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Slayer | Christ Illusion | review | metal | Lollipop

Slayer

Christ Illusion (American)
by Tim Den

Most Slayer fans look at me in disbelief when I say that the band's last studio album, God Hates Us All, didn't do much for me. In the midst of the unrelenting thrash hailstorm, I felt numb and desensitized. I sensed an urgency in Slayer to "prove their might": A desire to push the limits of heaviness instead of songwriting. Yes, God Hates Us All was one of Slayer's heaviest albums ever. But in the chase for physical and aural impact, the band forgot to calculate dynamics. Every song bled into the other into white noise: All power, always in-the-red. This was especially apparent in bassist/vocalist Tom Araya's performance: He basically screamed in the same pitch, same tone, same ferocity, the entire time. Intimidating? Yes. Over-the-top? Yes. Unbelievably beast-like? Fuck yeah. But also overbearing and excessive. Two traits that, unlike most of their thrash peers, Slayer had been able to keep under control. There was always some semblance of nuance, craft, and ebb-n-flow in the band's blasphemous compositions (see "Seasons in the Abyss," "Spill the Blood," "Serenity in Murder," etc.) to counterbalance the pure murderous intent, but God Hates Us All seemed to want none of that.

So imagine my surprise when Christ Illusion showed up reeking of classic Slayer. Every bit as iron-willed as God Hates Us All, Christ Illusion also brings back the smarter breakdowns, riffs that don't always revolve around the low E string (hooray for weird pull-offs!), tiny bits of off-time within fast tempos (opener "Flesh Storm" being a good example), different tunings, and more. At 10 songs in just under 40 minutes, it even spans the same playtime as timeless works such as South of Heaven and Seasons in the Abyss. Araya's delivery has once again returned to that which we love most: A varied arsenal of screams, growls, plain-speaking, and a full-grasp of the entire (angry) emotional range. All of this makes Christ Illusion a much more flexible, accessible, and thought-out record than its predecessor, not to mention a much more fun record to listen to.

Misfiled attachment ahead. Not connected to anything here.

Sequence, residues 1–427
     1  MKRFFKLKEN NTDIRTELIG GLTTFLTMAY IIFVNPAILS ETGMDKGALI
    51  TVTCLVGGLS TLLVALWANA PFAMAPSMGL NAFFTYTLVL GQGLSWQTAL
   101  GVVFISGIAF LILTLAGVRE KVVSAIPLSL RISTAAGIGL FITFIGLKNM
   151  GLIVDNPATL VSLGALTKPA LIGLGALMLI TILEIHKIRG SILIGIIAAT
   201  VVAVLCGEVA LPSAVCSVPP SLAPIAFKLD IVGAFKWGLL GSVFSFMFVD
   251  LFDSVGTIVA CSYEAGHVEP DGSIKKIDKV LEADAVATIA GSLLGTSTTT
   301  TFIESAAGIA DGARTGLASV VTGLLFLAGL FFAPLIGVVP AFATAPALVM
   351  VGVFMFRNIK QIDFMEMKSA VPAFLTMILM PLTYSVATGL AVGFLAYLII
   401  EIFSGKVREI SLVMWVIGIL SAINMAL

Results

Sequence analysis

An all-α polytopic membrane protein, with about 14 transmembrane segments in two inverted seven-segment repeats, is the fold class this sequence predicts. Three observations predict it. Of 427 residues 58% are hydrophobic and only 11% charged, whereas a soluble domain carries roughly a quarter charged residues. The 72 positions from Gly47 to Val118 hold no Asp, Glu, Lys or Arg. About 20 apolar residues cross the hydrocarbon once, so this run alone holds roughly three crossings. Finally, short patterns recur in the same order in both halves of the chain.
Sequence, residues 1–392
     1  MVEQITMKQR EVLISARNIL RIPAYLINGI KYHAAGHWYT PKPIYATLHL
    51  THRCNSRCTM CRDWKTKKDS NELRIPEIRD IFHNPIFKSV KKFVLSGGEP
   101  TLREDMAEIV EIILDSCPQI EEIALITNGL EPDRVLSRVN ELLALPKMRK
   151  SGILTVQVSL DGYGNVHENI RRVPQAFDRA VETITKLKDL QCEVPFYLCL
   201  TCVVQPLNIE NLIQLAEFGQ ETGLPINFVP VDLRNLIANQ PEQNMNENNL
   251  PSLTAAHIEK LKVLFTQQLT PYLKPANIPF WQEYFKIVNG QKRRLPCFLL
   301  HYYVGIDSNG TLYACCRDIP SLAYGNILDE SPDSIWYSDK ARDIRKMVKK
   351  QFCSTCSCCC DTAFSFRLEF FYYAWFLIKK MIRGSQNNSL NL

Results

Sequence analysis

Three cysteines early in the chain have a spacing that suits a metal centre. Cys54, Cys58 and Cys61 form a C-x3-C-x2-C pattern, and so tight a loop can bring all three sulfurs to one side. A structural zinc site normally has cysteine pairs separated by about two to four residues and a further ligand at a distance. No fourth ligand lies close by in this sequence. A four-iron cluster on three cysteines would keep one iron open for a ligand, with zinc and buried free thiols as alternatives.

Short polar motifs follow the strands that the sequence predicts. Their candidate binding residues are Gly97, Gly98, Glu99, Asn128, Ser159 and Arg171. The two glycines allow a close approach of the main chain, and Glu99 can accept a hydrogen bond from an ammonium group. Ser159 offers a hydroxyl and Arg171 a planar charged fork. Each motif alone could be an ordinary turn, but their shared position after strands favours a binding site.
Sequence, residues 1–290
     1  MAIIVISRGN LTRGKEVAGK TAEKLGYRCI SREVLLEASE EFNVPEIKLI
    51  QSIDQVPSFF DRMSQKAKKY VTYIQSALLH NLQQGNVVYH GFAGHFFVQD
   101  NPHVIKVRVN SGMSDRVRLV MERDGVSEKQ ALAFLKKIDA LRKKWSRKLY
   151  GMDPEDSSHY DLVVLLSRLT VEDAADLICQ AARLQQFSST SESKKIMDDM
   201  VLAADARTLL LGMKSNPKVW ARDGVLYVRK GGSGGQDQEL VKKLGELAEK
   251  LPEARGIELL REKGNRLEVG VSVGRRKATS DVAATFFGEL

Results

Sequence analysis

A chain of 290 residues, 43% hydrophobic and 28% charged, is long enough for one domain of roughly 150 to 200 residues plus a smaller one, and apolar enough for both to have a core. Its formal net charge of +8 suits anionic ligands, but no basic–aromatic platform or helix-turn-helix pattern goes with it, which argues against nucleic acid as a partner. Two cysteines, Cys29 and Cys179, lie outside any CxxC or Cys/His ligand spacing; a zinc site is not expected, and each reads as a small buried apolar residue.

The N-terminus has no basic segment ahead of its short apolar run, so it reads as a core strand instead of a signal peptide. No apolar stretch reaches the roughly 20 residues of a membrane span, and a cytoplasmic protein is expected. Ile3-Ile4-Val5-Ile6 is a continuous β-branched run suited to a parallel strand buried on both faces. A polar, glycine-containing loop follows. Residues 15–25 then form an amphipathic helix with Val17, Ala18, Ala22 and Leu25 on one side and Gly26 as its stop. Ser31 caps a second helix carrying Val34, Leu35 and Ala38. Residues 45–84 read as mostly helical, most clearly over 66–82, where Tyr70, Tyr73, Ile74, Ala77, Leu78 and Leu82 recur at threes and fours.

But the star of the show is returning drum god Dave Lombardo. Christ Illusion, as most know by now, is the man's first studio work with Slayer since '90's Seasons in the Abyss. Since then, he's worked with everyone from Mike Patton to the music of Vivaldi, and he brings to the table a unique, irreplaceable sense of pacing, breath, tension-building (check out the last two parts of "Skeleton Christ" for a lesson in appropriate mood escalation), and instinct for tasteful fills that Slayer simply cannot live without. As countless people have pointed out, Slayer just don't sound like Slayer without Lombardo. And maybe that's why God Hates Us All lacked the needed dynamics: Paul Bostaph is inhuman, but he just doesn't click with Slayer the way Lombardo does. I attribute 50% of Christ Illusion's "classic Slayer" feel to Lombardo's presence (and another 20% to Araya's occasional melodic vocals): Everything he does just feels right.

Having been a long-time fan of Slayer's, I definitely did not expect the band to present an album as cohesive and enjoyable as Christ Illusion this late into their career. I don't think I've been this psyched about a Slayer album since '94's Divine Intervention. Behold: The Gods of Thrash are back!
(www.americanrecordings.com)

 


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